Professor Daniel Adzei Bekoe passed on to glory on 5 September 2020 at the age of 91.
He was a former Vice Chancellor of the University of Ghana, and the second Ghanaian to be appointed Vice Chancellor of the University. The University of Ghana is a premier university in Ghana. Professor Bekoe was appointed Vice Chancellor for an initial five years, from 1 January 1976 to 30 September 1981.
He was reappointed for a second term of five years; however, he informed the university council of his inability to serve the full term. He resigned from the position on 30 September 1983, when he took voluntary retirement from the University of Ghana.
He was one of the first students to be accepted by the newly established University College of the Gold Coast, now called the University of Ghana, to study science in 1948. After studying for a period of five years, he passed the BSC special chemistry degree examination in June 1953. He was the first student of the University College to graduate with a first-class honours degree in the BSC special chemistry program. Professor Bekoe spent a further year at the University College of the Gold Coast, which is now the University of Ghana, researching into crystallography.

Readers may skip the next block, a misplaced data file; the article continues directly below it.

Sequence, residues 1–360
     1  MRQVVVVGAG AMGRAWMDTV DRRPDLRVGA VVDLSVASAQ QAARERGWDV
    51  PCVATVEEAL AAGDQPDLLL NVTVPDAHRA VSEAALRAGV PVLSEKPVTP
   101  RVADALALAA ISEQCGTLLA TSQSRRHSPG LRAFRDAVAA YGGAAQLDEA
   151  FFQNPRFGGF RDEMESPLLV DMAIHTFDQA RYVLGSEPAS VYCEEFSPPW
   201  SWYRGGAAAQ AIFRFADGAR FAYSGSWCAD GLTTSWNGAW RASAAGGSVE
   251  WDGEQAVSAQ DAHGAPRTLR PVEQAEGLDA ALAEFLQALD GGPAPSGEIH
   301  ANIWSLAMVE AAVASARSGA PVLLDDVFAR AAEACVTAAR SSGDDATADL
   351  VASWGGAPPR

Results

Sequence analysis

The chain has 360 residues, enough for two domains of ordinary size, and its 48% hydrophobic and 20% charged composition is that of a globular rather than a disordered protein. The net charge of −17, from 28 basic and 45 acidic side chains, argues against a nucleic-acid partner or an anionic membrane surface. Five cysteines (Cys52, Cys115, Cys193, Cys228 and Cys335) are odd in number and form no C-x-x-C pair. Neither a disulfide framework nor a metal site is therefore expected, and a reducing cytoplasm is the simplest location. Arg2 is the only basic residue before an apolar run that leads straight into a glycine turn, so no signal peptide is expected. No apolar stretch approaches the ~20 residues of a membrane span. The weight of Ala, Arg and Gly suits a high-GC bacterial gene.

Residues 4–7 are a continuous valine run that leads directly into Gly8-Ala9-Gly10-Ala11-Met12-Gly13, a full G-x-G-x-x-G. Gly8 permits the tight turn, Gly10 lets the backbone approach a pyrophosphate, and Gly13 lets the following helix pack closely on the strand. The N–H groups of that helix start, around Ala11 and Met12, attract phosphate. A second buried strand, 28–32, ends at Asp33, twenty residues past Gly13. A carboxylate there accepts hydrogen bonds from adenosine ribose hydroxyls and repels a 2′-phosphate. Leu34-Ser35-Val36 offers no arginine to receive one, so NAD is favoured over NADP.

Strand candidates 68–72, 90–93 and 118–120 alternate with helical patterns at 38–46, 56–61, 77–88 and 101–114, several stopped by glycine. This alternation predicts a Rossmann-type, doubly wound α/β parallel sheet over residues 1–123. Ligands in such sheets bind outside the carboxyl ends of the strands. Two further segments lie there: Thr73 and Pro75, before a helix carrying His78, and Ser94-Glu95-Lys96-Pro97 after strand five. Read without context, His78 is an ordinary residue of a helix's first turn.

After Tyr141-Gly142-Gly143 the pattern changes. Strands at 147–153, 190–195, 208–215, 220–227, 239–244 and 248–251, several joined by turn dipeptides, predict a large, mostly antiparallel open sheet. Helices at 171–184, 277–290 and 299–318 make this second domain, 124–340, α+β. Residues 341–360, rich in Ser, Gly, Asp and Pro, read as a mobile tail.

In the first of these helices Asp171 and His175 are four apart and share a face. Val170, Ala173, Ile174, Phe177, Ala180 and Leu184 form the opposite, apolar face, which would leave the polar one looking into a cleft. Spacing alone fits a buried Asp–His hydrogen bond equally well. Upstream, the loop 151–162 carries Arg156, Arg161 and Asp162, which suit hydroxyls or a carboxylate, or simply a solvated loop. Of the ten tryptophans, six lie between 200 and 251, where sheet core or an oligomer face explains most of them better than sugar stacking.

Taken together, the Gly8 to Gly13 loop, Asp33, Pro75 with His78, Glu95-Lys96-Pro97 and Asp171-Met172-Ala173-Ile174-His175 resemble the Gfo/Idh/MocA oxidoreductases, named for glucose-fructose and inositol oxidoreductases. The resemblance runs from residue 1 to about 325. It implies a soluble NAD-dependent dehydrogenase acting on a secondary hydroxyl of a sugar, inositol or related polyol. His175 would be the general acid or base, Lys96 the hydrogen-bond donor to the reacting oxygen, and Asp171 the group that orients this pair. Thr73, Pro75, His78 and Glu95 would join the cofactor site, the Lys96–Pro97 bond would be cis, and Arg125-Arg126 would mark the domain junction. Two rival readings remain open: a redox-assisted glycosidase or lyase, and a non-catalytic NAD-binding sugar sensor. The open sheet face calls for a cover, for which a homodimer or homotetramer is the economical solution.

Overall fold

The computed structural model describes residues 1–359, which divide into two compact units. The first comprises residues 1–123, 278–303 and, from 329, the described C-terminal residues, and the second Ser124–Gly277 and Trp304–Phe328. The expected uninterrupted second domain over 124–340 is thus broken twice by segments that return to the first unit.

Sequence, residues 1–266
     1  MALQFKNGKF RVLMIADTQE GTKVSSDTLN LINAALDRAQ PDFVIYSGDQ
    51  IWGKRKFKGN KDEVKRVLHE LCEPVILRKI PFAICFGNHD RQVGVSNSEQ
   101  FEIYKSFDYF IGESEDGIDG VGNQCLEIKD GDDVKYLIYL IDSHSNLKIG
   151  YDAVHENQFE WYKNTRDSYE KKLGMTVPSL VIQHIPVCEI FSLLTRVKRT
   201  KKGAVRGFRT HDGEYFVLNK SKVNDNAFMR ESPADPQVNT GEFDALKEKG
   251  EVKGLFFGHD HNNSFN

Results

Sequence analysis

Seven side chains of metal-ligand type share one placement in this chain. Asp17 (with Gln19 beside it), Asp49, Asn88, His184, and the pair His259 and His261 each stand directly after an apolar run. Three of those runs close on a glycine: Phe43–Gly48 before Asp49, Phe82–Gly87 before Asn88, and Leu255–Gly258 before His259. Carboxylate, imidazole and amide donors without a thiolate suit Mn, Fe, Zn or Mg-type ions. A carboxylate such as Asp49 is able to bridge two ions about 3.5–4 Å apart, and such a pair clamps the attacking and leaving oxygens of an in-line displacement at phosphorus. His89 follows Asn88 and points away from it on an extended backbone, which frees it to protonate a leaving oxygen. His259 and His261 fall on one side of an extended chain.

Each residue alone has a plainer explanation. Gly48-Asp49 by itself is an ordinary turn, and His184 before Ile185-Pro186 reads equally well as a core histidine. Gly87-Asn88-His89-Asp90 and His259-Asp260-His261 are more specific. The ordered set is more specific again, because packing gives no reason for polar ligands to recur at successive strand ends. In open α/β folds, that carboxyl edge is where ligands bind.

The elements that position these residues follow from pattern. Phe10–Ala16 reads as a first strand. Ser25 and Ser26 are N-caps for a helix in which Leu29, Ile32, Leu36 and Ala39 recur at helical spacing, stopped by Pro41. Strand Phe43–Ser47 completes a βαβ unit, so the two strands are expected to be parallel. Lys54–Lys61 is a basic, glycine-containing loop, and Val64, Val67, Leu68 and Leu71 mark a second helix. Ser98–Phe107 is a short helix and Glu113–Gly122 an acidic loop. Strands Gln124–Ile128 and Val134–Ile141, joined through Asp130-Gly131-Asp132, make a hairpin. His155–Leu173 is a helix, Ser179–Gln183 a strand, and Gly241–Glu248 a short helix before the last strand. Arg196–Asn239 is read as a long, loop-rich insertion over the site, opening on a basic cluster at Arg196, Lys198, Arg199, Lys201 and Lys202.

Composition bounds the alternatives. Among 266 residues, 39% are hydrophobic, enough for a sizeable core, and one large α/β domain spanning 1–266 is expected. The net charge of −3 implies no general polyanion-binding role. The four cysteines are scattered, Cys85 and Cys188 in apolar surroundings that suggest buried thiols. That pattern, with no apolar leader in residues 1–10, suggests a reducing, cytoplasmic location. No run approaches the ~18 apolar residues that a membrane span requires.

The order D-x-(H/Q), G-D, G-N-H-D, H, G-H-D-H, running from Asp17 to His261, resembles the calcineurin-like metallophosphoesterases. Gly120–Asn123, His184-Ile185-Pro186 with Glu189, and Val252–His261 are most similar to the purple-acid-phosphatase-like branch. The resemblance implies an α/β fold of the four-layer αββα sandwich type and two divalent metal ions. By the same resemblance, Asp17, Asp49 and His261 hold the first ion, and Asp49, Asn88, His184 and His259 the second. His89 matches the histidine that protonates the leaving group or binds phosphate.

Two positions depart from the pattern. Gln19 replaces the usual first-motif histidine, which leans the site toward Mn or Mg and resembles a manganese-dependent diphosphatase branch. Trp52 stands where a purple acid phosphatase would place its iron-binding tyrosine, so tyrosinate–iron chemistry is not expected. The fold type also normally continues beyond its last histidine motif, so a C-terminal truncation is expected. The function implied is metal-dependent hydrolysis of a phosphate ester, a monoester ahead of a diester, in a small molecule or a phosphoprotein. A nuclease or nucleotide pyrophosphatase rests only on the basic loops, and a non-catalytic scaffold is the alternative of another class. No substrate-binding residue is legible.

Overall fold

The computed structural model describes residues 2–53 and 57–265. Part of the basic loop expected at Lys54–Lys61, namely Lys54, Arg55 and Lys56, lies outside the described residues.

In 1954 he proceeded to the University of Oxford as a postgraduate student, while in 1956 he completed a degree of Doctor of Philosophy in Chemical Crystallography.
After graduation, Professor Bekoe worked with Professor K.N. Trueblood, one of the most distinguished American scientists of international standing in the field of crystallography at that time at the University of California, Los Angeles.
Professor Bekoe started his career as a lecturer in chemistry at the University of Ghana in 1958, was promoted to the rank of senior lecturer in 1963, associate professor in 1996 and professor in 1974. From January 1996 to December 1967 Professor Bekoe was a Ford Foundation visiting associate professor in chemistry at the University of Ibadan, Nigeria, where he taught physical chemistry and set up a crystallographic laboratory.
Professor Bekoe gained eminence internationally as a scientist and was highly regarded. Typical of the international view of him is one expressed by Professor Trueblood, who said of him, “In addition to being bright, perceptive and efficient at research in this field of crystallography, Dr Bekoe has all the personal qualities which one would ask for someone in a responsible academic position. He is articulate, thoughtful, considerate and interested in a wide range of fields. Given the opportunity to do research, I am sure he could compete favorably for a good university position in America or in Great Britain, and I believe that any institution that he serves would be fortunate”.